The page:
When It’s Someone Else’s Turn

Mitch HobishGrowth, Leadership, Productivity

The Lovely and Talented Janice just got through a very hard week, preparing for and participating in a crafts show to support the local women’s help center. I’ve learned over the years to just stay out of her way during such periods, and to do more than my usual share of household support in addition to what emotional and logistical support I could bring her. She enjoys the creativity and handiwork, and also meeting all the folks who come out for such events. I enjoy seeing what she generates, and the glow that derives from the entire activity—the hard work notwithstanding.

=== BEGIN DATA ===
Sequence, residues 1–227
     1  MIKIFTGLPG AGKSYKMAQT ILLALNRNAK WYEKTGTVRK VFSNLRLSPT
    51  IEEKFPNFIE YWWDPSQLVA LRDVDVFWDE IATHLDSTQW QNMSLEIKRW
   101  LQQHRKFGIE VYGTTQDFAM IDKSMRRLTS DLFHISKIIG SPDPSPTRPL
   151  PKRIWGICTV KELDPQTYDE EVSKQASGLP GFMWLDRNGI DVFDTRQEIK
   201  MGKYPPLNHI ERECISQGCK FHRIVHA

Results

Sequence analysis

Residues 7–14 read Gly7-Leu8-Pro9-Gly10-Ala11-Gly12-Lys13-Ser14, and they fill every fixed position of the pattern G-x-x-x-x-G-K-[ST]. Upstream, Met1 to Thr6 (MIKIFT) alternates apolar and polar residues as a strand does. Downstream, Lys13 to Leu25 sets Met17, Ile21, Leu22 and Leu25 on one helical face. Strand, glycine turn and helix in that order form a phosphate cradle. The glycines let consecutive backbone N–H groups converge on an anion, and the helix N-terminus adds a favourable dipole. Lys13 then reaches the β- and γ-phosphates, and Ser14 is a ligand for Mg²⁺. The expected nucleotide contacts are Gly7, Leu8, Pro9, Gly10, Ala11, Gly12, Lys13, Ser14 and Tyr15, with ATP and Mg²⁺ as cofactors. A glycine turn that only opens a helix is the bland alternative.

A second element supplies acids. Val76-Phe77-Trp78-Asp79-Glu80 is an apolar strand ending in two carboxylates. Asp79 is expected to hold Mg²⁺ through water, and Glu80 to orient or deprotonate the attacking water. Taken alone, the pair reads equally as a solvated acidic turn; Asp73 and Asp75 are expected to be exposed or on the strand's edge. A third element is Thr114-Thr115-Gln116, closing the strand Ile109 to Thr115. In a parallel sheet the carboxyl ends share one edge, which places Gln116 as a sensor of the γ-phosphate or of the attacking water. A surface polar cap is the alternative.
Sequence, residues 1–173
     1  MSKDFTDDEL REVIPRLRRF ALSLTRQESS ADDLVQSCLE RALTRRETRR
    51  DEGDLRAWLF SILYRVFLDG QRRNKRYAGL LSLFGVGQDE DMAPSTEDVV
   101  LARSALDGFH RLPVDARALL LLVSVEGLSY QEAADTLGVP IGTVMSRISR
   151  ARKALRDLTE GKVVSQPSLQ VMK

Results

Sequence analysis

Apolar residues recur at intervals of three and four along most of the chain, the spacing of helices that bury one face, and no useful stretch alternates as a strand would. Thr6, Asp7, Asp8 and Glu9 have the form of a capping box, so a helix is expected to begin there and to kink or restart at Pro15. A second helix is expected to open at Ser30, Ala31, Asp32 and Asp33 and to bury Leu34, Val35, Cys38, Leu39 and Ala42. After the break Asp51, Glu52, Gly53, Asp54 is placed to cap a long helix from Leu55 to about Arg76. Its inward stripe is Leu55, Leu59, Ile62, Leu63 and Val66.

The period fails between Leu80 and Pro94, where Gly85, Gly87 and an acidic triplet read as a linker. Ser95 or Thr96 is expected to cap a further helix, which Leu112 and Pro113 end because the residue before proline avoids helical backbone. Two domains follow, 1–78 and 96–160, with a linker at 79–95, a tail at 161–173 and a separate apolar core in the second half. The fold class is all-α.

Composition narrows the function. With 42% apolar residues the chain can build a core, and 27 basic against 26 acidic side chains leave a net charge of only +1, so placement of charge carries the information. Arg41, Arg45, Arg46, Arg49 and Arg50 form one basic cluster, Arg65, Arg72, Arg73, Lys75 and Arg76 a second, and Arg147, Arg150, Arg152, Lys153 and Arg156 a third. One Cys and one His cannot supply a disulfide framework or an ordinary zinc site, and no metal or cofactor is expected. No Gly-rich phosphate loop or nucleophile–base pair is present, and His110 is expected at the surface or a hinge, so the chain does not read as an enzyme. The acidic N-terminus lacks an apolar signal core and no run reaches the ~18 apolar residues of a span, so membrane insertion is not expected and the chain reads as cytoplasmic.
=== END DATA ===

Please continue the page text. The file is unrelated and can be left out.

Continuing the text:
The show ended on Saturday, so of course by Sunday I was ready for her to pay some attention to me—this, despite the objective understanding that she needed some downtime and decompression. Couple that with some going-wrong-way professional things on my side, and we managed to bump heads a bit.

Well, truth be told, I bumped my head; Jan’s so feet-on-the-ground that such things just don’t bother her.

It took me about a day, but we finally got back in synch, and we’re now moving forward—together—the way we usually do.

But I could sure do without the agita in the meantime.

Questions: Do you make room for others—either routinely or episodically—in your day-to-day activities? If you do, do you do it gracefully? Do you exact a tax for such an approach? How do you know when it’s time to “move over” and give the other person (entity) room?